San Francisco traded a 2018 second-round pick for Garoppolo, who led the Niners to a five-game winning streak to end the 2017 season. During the winning streak, three of the Niners’ foes were playoff teams. In each of those games, he threw for at least 200 yards.

With Garoppolo starting, success followed in San Fran. The 49ers were one of the most dangerous teams heading toward the end of the season, and a lot of it was due to the play of Garoppolo.

As they will have him for a full season in 2018, are the Niners a dark horse in the NFC?


Hampton lacrosse hopeful for the 2018 season

Randall Williams | Sports Editor

Being the first HBCU to have a Division I lacrosse program is a big deal for Hampton University. Still, it’s safe to say the team has struggled since the program began in 2016. The Pirates have won just a single game in their first 13 matches.

However, this is not a talent issue. Hampton has gone out of state to recruit all sorts of different players. Stellar athletes include Kier Johnson, Jonathan Napier and, most recently, Carter Boone.

In their first year, the team struggled both offensively and defensively. On the offensive side, they failed to score more than five goals in every game of the year, while also giving up 15 or more on defense.

To better suit the defense, the coaching staff went out and recruited standout goalie Kevin Mondy. The following year, things got better on both sides of the ball.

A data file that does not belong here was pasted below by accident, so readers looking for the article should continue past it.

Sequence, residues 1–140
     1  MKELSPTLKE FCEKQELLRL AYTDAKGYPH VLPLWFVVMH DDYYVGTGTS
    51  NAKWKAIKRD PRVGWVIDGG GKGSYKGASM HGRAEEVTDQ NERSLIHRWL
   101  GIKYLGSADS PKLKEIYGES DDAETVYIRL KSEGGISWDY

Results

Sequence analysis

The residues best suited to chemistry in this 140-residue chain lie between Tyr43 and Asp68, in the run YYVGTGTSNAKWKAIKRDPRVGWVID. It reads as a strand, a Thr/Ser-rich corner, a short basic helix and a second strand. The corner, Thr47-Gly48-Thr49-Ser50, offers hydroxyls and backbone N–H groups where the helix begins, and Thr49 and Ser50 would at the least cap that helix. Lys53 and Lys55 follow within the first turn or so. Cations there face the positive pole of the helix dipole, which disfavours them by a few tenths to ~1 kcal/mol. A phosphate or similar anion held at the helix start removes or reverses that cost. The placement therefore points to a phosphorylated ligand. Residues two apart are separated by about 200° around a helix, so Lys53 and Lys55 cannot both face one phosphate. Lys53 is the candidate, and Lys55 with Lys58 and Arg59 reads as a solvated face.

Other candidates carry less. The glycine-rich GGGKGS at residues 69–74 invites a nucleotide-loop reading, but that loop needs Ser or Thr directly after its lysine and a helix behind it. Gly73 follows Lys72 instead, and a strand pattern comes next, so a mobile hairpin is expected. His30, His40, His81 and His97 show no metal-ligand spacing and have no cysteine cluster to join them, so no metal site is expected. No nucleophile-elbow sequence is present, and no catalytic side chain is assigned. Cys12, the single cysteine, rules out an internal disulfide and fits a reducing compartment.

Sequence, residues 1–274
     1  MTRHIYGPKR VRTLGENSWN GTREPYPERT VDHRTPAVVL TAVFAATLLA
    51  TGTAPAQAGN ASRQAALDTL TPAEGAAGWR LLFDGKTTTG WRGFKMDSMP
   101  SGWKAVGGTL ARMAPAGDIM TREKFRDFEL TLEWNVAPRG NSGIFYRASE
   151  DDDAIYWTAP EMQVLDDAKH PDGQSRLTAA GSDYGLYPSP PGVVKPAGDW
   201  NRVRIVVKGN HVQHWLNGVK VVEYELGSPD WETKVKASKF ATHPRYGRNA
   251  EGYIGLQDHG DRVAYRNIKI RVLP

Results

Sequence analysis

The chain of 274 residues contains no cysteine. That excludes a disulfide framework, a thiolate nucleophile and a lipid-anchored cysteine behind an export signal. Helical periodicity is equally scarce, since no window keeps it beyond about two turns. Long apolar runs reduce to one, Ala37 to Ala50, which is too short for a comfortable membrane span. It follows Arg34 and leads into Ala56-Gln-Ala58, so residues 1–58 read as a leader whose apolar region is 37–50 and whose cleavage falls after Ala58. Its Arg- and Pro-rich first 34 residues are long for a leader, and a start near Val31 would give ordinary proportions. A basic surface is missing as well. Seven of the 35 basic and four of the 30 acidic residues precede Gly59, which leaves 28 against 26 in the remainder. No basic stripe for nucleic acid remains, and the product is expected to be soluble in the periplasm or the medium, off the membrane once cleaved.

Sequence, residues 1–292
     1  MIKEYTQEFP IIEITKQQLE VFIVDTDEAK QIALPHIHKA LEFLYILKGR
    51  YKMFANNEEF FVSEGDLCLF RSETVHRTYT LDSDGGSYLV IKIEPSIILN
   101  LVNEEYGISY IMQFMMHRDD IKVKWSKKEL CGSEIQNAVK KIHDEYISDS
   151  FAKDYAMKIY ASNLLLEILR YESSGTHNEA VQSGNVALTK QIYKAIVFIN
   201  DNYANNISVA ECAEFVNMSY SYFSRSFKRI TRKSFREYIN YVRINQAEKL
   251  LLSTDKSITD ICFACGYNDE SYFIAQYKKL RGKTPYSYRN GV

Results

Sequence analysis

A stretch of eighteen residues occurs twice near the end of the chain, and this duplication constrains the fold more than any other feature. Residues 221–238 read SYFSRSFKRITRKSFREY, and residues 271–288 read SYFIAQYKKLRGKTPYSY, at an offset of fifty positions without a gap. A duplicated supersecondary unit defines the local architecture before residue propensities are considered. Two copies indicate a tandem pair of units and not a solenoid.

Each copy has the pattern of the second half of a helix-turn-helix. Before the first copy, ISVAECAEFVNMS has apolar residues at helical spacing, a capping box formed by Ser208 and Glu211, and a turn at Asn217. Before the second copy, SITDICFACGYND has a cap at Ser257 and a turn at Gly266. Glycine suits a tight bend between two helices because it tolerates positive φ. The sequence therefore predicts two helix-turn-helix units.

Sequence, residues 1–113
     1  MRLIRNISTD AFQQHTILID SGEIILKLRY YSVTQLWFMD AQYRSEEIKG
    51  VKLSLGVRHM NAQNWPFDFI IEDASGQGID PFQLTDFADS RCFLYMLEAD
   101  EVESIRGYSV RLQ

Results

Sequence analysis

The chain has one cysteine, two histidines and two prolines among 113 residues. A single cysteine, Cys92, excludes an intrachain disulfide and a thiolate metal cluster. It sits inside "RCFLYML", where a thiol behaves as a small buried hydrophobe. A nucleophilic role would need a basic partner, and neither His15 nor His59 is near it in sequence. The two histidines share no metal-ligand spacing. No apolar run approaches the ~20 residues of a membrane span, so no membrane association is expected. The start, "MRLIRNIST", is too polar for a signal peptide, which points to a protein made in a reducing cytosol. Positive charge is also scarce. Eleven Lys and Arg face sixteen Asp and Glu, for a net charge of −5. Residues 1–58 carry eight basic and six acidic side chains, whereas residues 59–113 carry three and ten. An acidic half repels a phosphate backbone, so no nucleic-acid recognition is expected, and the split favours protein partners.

“I’ve always used lacrosse as a therapeutic getaway from the world…but last year, sometimes, I got lost in that,” Mondy said about how the defense struggled. “We didn’t communicate or trust each other the way we should have, and it showed in the scoreboard.”

In their only W, the Pirates’ energy was completely different than it had been in past games. They faced adversity after being down 3-0 in the first quarter.

“In those moments, it’s so important to keep faith and really just move on from your mistakes,” the Pirates’ Preston Randolph said.

Randolph was winner of Most Improved Player of the Year last year and said, “Winning will start when we begin to become a complete team, when people pick each other up and when we follow the game plan that is given to us.”